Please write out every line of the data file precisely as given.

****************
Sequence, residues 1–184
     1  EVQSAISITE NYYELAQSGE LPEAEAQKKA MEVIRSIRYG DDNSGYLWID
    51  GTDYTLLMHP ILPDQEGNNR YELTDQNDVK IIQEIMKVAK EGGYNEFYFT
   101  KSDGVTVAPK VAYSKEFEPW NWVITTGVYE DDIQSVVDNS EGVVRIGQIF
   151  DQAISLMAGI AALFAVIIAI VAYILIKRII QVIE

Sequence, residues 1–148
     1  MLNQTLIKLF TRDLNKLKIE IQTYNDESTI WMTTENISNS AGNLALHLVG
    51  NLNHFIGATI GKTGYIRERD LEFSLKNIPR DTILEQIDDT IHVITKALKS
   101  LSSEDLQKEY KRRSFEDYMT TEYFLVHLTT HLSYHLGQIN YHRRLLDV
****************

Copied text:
Sequence, residues 1–184
     1  EVQSAISITE NYYELAQSGE LPEAEAQKKA MEVIRSIRYG DDNSGYLWID
    51  GTDYTLLMHP ILPDQEGNNR YELTDQNDVK IIQEIMKVAK EGGYNEFYFT
   101  KSDGVTVAPK VAYSKEFEPW NWVITTGVYE DDIQSVVDNS EGVVRIGQIF
   151  DQAISLMAGI AALFAVIIAI VAYILIKRII QVIE

Sequence, residues 1–148
     1  MLNQTLIKLF TRDLNKLKIE IQTYNDESTI WMTTENISNS AGNLALHLVG
    51  NLNHFIGATI GKTGYIRERD LEFSLKNIPR DTILEQIDDT IHVITKALKS
   101  LSSEDLQKEY KRRSFEDYMT TEYFLVHLTT HLSYHLGQIN YHRRLLDV